Mumbai: Gully Boy is India’s entry at the Oscars 2019, and the film’s heroine Alia Bhatt still cannot believe it. “This is such a big first for me… my first film to go to the Oscars. It is a big deal for me. It is such an exciting moment for team Gully Boy. I can’t tell you my feelings right now. For now there’s just hope that we make it to five final nominations for Best Foreign Film at the Oscars. But being selected as India’s official entry to the Oscars in itself is a big big deal for me,” said Alia. Also Read – ‘Terminator: Dark Fate’ has James Cameron’s fingerprints all over it: Arnold SchwarzeneggerThe film’s director Zoya Akhtar is elated, naturally. “This has been a great year and I am so overwhelmed with the response our work is getting. I am thrilled and very grateful that ‘Gully Boy’ has been picked as India’s official entry for the Oscars,” she said. Aparna Sen, the chairperson of the committee that selected India’s entry this year, was apparently impressed with the film’s originality, vivacity and motivational mood. The originality bit however remains somewhat questionable. Siddhant Chaturvedi who rose to fame playing MC Sher is above the moon. “I am super-excited. My first web show ‘Inside Edge’ got nominated at the Emmys last year and now my first film is going to the Oscars!! It’s a special moment! It is all about Zoya (Akhtar) ma’am’s genius, Ranveer Singh’s uplifting bromance, and (producers) Ritesh Sidhwani and (Farhan Akhtar) sir’s mentorship! Credit goes to the whole crew.”
New Delhi: Deputy Chief Minister and Delhi Education Minister Manish Sisodia while attending as the chief guest to the inaugural function of the international conference on sustainable development organised by IP University on Wednesday stressed urgent need for academic institutions and the government to work together to formulate the policies around Sustainable Development.He was of the firm view that academicians and the government if working in isolation, would not be able to bring any major development in the concerned domains. “Working as an Education Minister of Delhi for the last five years, I have learnt that when we talk about serious issues like these, it is important for the government and the academic institutions to come together and find a solution. That translates any decision, or understanding coming out of such conferences into a matter of governance, and that’s how we come close to achieving our goals. So academic institutions and the government should complement each other, and work closely,” said Sisodia. Giving the reference of Greta Thunberg, the teen climate activist, who took the world by surprise when she gave a hard-hitting speech about the devastating impact of climate breakdown, Sisodia also stressed on the need to educate and involve our young generations when taking key decisions on policies and issues around sustainable development, that would eventually affect their lives in the years to come.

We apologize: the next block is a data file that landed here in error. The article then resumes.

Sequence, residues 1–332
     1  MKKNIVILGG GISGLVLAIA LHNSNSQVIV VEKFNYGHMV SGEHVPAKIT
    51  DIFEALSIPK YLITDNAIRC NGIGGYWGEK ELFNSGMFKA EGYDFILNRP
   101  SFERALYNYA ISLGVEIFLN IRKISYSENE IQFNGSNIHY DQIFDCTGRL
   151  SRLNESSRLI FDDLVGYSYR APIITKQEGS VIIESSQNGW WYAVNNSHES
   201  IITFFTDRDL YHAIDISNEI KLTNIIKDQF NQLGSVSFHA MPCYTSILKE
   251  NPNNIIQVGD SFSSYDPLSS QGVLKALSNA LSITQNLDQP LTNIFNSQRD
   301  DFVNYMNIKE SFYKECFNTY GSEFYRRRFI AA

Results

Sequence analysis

Doha: India’s Avinash Sable broke his own national record but it was not enough for him to qualify for the finals of the men’s 3000m steeplechase in an eventful race in the World Championships here on Tuesday. The 24-year-old Indian clocked 8 minute 25.23 seconds to finish seventh in first round heat number 3 and 20th overall out of 44 athletes who completed the race. His earlier national record was 8:28.94 in March this year during the Federation Cup. He thus ran more than three seconds better than his earlier national record. Also Read – We will push hard for Kabaddi”s inclusion in 2024 Olympics: RijijuThe top three in each of the three heats and the next six fastest qualify for the final race. Sable was involved in two incidents during the race, both triggered by reigning junior world champion Takele Nigate of Ethiopia. In the first, Sable had to jump over another competitor as four-five athletes at the rear fell over each other. Midway during the race, Nigate bumped into an obstacle just in front of Sable. The Indian had to virtually climb up the obstacle as he was blocked by the Ethiopian, thereby losing crucial time. Sable recovered a bit towards the end but it was not enough for a place in the final on a track where he had won a silver in April in the Asian Championships with a time of 8:30.19.